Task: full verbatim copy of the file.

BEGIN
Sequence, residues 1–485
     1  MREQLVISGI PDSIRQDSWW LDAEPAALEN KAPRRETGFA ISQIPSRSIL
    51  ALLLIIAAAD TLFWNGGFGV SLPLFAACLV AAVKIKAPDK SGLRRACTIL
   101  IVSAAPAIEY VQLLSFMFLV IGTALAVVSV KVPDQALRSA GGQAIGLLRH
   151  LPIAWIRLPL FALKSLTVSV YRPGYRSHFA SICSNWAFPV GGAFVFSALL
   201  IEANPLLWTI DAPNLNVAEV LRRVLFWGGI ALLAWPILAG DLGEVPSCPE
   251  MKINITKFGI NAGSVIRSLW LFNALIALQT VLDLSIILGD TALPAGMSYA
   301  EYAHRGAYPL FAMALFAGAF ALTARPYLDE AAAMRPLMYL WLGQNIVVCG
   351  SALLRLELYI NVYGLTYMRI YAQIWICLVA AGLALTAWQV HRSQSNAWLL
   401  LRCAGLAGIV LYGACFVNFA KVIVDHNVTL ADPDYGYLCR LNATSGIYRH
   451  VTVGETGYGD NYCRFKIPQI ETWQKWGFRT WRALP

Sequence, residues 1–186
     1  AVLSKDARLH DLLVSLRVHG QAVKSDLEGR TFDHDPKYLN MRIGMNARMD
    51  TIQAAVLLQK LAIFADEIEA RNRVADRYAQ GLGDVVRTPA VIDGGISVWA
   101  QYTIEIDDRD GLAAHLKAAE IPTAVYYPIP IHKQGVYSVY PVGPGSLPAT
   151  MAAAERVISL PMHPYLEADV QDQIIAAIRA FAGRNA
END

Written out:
Sequence, residues 1–485
     1  MREQLVISGI PDSIRQDSWW LDAEPAALEN KAPRRETGFA ISQIPSRSIL
    51  ALLLIIAAAD TLFWNGGFGV SLPLFAACLV AAVKIKAPDK SGLRRACTIL
   101  IVSAAPAIEY VQLLSFMFLV IGTALAVVSV KVPDQALRSA GGQAIGLLRH
   151  LPIAWIRLPL FALKSLTVSV YRPGYRSHFA SICSNWAFPV GGAFVFSALL
   201  IEANPLLWTI DAPNLNVAEV LRRVLFWGGI ALLAWPILAG DLGEVPSCPE
   251  MKINITKFGI NAGSVIRSLW LFNALIALQT VLDLSIILGD TALPAGMSYA
   301  EYAHRGAYPL FAMALFAGAF ALTARPYLDE AAAMRPLMYL WLGQNIVVCG
   351  SALLRLELYI NVYGLTYMRI YAQIWICLVA AGLALTAWQV HRSQSNAWLL
   401  LRCAGLAGIV LYGACFVNFA KVIVDHNVTL ADPDYGYLCR LNATSGIYRH
   451  VTVGETGYGD NYCRFKIPQI ETWQKWGFRT WRALP

Sequence, residues 1–186
     1  AVLSKDARLH DLLVSLRVHG QAVKSDLEGR TFDHDPKYLN MRIGMNARMD
    51  TIQAAVLLQK LAIFADEIEA RNRVADRYAQ GLGDVVRTPA VIDGGISVWA
   101  QYTIEIDDRD GLAAHLKAAE IPTAVYYPIP IHKQGVYSVY PVGPGSLPAT
   151  MAAAERVISL PMHPYLEADV QDQIIAAIRA FAGRNA